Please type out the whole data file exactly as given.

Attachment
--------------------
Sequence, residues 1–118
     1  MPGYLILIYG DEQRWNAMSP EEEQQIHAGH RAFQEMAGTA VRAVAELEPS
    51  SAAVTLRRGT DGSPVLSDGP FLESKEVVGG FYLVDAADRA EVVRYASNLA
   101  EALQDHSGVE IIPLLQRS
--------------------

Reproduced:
Sequence, residues 1–118
     1  MPGYLILIYG DEQRWNAMSP EEEQQIHAGH RAFQEMAGTA VRAVAELEPS
    51  SAAVTLRRGT DGSPVLSDGP FLESKEVVGG FYLVDAADRA EVVRYASNLA
   101  EALQDHSGVE IIPLLQRS